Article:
Category Archives: European Practice

Patentee-Friendly Claim Construction in the UK Courts?

Author: Hazel Ford Ph.D.
Editor:  Martin D. Hyden

The UK Supreme Court has handed down its judgment at the conclusion of a long-running dispute between Eli Lilly and Actavis.  The cases related to Eli Lilly’s patent, which claims the use of the drug pemetrexed disodium in combination with vitamin B12 in the treatment of cancer.  Actavis sought declarations of non-infringement for its proposed products which used pemetrexed diacid, pemetrexed ditromethamine or pemetrexed dipotassium in place of pemetrexed disodium.  Continue reading

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New EPO Rules For Patenting Plants and Animals

Author: Hazel Ford Ph.D.
Editor:  Martin D. Hyden

The EPO has clarified its approach to the patentability of plants and animals by making changes to its rules.

Article 53(b) EPC derives from an EU Directive (Article 4(1) of Directive 98/44 EC) and excludes from patentability “essentially biological processes for the production of plants or animals”.  According to the EPO’s Enlarged Board of Appeal, this excludes from patentability any process that contains the steps of sexually crossing the whole genomes of plants and then selecting the desired progeny plants.  However, the Enlarged Board concluded in decisions G 2/12 and G 2/13 that the exclusion only applies to process claims, and not to the plants that are produced by those processes.  Until recently, the EPO had followed this practice during examination and in post-grant oppositions. Continue reading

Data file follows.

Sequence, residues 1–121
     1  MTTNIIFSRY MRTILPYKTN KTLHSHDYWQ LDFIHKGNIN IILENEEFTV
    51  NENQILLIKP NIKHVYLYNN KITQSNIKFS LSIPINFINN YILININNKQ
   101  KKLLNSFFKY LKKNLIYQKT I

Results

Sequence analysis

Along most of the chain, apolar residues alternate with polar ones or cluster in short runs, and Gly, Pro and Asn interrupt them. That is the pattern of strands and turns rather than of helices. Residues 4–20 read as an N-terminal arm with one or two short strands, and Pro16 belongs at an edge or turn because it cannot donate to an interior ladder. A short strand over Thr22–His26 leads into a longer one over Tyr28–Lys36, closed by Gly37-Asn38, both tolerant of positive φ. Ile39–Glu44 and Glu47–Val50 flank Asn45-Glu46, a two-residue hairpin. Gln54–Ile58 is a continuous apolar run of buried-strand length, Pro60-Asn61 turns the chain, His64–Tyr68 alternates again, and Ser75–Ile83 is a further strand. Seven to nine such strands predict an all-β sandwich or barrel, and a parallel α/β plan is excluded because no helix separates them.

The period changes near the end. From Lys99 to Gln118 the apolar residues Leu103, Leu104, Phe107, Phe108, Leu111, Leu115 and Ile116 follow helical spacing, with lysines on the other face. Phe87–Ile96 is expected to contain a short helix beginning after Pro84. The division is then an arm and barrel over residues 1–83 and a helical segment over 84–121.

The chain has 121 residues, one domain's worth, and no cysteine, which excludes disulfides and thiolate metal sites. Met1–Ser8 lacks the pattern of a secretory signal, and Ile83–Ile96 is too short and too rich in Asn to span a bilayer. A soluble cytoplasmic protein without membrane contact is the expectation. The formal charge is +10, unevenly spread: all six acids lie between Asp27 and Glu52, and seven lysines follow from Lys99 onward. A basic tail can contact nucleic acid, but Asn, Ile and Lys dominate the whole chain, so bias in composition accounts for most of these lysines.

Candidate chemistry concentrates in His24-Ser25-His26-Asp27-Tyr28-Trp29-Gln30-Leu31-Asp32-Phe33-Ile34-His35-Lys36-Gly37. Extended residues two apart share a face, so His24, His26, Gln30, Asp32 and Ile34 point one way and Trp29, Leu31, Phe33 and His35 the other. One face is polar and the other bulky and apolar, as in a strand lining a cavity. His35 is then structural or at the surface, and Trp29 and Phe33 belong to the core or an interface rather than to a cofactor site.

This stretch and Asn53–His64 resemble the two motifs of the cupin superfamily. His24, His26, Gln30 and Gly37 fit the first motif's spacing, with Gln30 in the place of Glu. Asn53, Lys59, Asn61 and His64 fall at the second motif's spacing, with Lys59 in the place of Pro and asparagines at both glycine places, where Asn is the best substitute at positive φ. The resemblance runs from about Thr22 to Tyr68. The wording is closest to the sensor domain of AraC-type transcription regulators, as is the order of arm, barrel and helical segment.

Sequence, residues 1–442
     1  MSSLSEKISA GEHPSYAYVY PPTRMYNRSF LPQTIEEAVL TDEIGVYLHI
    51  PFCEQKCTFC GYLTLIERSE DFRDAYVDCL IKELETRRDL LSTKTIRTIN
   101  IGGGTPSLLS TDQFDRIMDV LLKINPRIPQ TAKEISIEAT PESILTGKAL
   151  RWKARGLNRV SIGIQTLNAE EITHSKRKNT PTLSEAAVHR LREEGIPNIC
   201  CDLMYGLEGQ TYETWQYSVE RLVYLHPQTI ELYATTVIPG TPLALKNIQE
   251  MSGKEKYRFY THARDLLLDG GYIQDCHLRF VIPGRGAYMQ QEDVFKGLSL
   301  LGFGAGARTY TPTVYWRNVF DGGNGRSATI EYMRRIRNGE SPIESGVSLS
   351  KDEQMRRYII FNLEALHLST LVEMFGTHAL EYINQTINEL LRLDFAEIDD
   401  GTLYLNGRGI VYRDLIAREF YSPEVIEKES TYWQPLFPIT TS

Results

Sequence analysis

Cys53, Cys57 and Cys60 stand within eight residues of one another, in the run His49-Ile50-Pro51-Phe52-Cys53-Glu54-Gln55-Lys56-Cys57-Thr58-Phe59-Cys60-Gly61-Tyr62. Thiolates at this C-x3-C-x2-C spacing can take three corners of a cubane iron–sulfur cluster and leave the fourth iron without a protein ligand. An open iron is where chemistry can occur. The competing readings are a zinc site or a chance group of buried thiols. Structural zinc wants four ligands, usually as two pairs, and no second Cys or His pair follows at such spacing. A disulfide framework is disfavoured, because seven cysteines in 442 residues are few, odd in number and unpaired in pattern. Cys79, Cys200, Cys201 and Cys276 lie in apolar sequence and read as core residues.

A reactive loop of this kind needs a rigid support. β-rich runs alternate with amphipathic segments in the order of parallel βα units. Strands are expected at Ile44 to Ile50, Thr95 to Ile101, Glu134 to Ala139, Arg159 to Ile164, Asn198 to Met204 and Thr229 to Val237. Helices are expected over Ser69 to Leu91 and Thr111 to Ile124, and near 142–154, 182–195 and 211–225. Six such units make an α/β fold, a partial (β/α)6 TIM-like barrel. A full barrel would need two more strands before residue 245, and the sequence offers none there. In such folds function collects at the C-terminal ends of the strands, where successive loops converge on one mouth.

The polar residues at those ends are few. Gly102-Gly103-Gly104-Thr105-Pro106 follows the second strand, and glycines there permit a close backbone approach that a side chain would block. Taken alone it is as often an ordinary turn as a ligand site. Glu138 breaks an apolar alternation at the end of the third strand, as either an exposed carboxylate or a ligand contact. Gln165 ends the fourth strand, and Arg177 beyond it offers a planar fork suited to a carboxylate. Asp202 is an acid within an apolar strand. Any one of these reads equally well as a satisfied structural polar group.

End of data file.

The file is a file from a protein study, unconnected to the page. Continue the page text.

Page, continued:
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The Essentiality Test – Falling Out of Favour at the EPO?

Author: Katherine Banks Ph.D.
Editor:  Hazel Ford Ph.D.

The European Patent Office (EPO) has a notoriously strict approach when considering amendments to patent applications.  If an amendment extends the subject matter beyond the content of the application as filed, then the amendment is unallowable under Article 123(2) EPC.  This is assessed based on the “gold standard” test, which examines whether the skilled person would regard the amended subject-matter to be directly and unambiguously derivable from the application as originally filed.  Continue reading

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The Short-Lived Ailment of Poisonous Divisionals

The Short-Lived Ailment of Poisonous Divisionals

Author: Leythem A. Wall
Editor: Eric P. Raciti and J. Derek McCorquindale

After four years of the European Patent Office (EPO) ruling that a parent application can lack novelty over its divisional application, and vice versa, the EPO Enlarged Board of Appeal (EBA) in their decision G1/15 has finally put an end to this familicidal practice. Continue reading

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EPO Enlarged Board of Appeal Finds the Cure For Poisonous Divisionals

Author: Leythem Wall
Editor: Adriana L. Burgy

At the end of 2012, a European Patent Office (EPO) Board of Appeal decision sent shockwaves through Europe; it concluded that a European divisional patent publication could be novelty destroying to the European parent patent from which it is derived, the so called “poisonous divisional.”

The reasoning behind the “poisonous divisional” is that the parent claims are not entitled to priority, whereas the anticipatory subject matter in the divisional publication is entitled to priority. In fact, the problem works both ways, i.e., the publication of the parent could also be novelty destroying against a divisional application whose claims are not entitled to priority. Continue reading

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